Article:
The local Comanche and Tonkawa Indians both feared and revered the rock, and were said to offer sacrifices at its base. One Indian tradition holds that a band of brave warriors, the last of their tribe, defended themselves on the rock from the attacks of other Indians. The warriors, however, were finally overcome and killed, and since then Enchanted Rock has been haunted by their ghosts. Another legend tells of an Indian princess who threw herself off the rock when she saw her people slaughtered by enemy Indians; now her spirit is said to haunt Enchanted Rock. Yet another tale tells of the spirit of an Indian chief who was doomed to walk the summit forever as punishment for sacrificing his daughter; the indentations on the rock's summit are his footprints. Finally, there is the story of a white woman who was kidnapped by Indians but escaped and lived on Enchanted Rock, where her screams were said to be audible at night. The Indian legends of the haunting of Enchanted Rock were probably bolstered by the way the rock glitters on clear nights after rain, and by the creaking noises reported on cool nights after warm days. Scientists have since theorized that the glittering is caused either by water trapped in indentations in the rock's surface or by the moon reflecting off wet feldspar, and the creaking noises by contraction of the rock's outer surface as it cools.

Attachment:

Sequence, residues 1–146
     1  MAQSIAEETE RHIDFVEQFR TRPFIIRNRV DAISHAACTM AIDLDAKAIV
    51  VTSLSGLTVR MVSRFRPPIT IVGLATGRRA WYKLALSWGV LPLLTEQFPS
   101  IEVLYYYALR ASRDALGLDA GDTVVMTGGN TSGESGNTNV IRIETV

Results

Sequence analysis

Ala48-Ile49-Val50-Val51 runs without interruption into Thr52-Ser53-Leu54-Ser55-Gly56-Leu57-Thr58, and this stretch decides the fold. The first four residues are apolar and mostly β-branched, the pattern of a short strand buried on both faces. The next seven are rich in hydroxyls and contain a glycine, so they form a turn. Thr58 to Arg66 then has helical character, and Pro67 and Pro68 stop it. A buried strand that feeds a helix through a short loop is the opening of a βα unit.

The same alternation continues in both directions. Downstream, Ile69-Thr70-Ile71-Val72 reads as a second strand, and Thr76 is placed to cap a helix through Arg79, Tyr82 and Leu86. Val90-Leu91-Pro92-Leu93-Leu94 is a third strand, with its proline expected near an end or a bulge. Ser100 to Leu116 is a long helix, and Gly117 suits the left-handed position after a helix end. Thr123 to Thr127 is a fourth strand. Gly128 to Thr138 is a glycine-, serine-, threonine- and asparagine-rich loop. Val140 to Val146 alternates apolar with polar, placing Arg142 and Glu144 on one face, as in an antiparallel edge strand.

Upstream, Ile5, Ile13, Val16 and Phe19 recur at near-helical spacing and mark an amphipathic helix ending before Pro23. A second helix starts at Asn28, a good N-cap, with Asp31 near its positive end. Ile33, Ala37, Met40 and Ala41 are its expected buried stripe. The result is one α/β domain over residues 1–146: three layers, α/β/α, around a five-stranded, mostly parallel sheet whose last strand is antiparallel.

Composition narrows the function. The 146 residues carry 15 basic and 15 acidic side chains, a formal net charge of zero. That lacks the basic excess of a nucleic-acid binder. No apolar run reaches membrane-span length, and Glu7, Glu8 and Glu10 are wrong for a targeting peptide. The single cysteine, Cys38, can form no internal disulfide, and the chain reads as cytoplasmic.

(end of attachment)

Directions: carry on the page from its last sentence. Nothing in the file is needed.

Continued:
A number of stories involve rumors of great mineral wealth to be found at Enchanted Rock. Spanish explorers believed it was one large chunk of silver or iron. They also sought legendary gold and silver mines nearby, and some early Texans believed that the lost "Bowie Mines" were in the vicinity west of Enchanted Rock. Some gold has in fact been mined near Enchanted Rock, but not enough to be commercially profitable. According to an account written in 1834 the rock was once supposed to be of platinum.

One of the most enduring and romantic stories involving Enchanted Rock is that of a young Spanish soldier, Don Jesús Navarro, and his rescue of the Indian maiden Rosa. Navarro supposedly came from Monterrey to San José y San Miguel de Aguayo Mission in San Antonio in 1750. At the mission he met and fell in love with Rosa, the Christian daughter of the Indian chief Tehuan. But Rosa was kidnapped by a band of Comanches bent on sacrificing her to the spirits of Enchanted Rock. Her daring lover followed them there and managed to rescue her as she was about to be burned at the stake.

Another tale, given official credence when the state of Texas commemorated it with a plaque near the summit of Enchanted Rock in 1936, relates a heroic episode in the life of Capt. John Coffee Hays Cut off by Comanche raiders from his company of Texas Rangers on a surveying trip in the fall of 1841, Hays took refuge on Enchanted Rock and single-handedly held off the Indians in a three-hour battle that ended when the frustrated Indians fled, convinced even more firmly than before that Enchanted Rock was possessed by malevolent spirits.

Enchanted Rock Photos
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Many of the photos used in this document are © Texas Parks & Wildlife Department